Contact WWF

Please call us on 0844 736 0036 (8am - 10pm, 7 days a week) if you'd prefer to take out your adoption over the phone.

Your adoption pack:

A cuddly toy (optional)

My Tigers and Wild World magazine 3 times a year

Factbook, certificate, bookmarks, stickers and more

Adopt a tiger »

In the past 100 years, wild tiger numbers have plummeted by around 95%, to close to 3,900. Help us protect the future of the world's largest big cat.

How you're helping the tigers

  • Restoring fragmented areas of habitat so tigers can move between them
  • Strengthening anti-poaching patrols around nature reserves
  • Establishing programmes to increase prey numbers
  • Reducing poaching and illegal trade of live tigers and tiger parts
  • Your support will also help fund our other essential work around the world

You can adopt Kamrita, a female Bengal tiger. Kamrita is one of the last 150 Bengal tigers left in Nepal. Kamrita represents all the tigers we help.

Read more

We'll send you:

A cuddly toy (optional)

My Tigers and Wild World magazine 3 times a year

Factbook, certificate, bookmarks, stickers and more

Text for ring back »

To have us call you to set up your adoption over the phone, text

Callme to 70099

We'll try to contact you within 15 minutes.

Text Now »

Ringback service available 8am – 1am Mon-Fri and 8am – 10pm Saturday & Sunday.

No thank you, I don't want a call back.


Prefer a one-off payment?

Last minute gift?

No problem! you can print or email a personalised gift certificate online to give on the day

More about tigers

There are six living sub-species of tiger; the Amur (Siberian), Bengal (Indian), Indo-Chinese, Malayan, Sumatran and South China.Three other sub-species, the Bali, Caspian and Javan, are now extinct.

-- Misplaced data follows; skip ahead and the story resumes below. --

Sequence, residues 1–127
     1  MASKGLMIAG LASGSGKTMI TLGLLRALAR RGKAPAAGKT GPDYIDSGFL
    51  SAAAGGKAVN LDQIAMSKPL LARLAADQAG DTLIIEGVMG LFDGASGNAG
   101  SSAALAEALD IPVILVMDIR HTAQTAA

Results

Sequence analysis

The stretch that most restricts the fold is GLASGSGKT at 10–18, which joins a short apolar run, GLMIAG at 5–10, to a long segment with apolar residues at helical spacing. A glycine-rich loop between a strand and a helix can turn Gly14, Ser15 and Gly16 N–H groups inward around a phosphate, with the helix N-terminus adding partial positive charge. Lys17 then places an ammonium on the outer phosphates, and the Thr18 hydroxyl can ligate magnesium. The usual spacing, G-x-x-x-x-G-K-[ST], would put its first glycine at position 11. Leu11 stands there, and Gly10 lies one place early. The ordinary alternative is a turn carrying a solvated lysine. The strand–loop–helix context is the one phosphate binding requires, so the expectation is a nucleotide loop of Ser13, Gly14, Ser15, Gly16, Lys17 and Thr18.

Location:From India to south-eastern China and from the Russian Far East to Sumatra, Indonesia

Habitat:Wide ranging - from evergreen and monsoon forests, to mixed coniferous-deciduous woodlands, and mangrove swamps

Wild population: close to 3,900

The threats to tigers:

  • Poaching for skins and body parts used in traditional Asian medicines
  • In some areas, climate change also puts pressure on the tiger's environment. Gradually, tigers are being forced into small, scattered islands of remaining habitat, where they are more vulnerable to events such as fire.
  • Habitat loss due to farming, forest clearance for the timber trade and human development
  • Decline in natural prey numbers
  • Conflict with humans

How your adoption can help:

  • £60 (or £5 a month) could restore one hectare of grassland to increase numbers of tiger prey in NepalÂ’s Terai Arc
  • £100 (or £8.50 a month) could pay for a comprehensive medical kit for staff in Dudwha National Park in India
  • £200 (or £16 a month) could pay for the development of a Bio-Gas plant in a local Himalayan community. Bio-gas plants produce energy from rotting waste, reducing the need for the local people to cut down trees and therefore helping to maintain the tigers habitat.


The word Kamrita comes from the region of the wildlife reserve where she’s most often spotted – the Amrite area.

She is a female Bengal tiger living in Chitwan National Park in southern Nepal. She is around 7-8 years old, and has been photographed on several occasions with two young cubs.

Kamrita represents all the tigers we help.

All our tiger adopters ‘adopt’ Kamrita so that we can share her ongoing story with you. We hope that by following Kamrita’s progress, you can experience the challenges and success involved in conserving this most charismatic of big cats.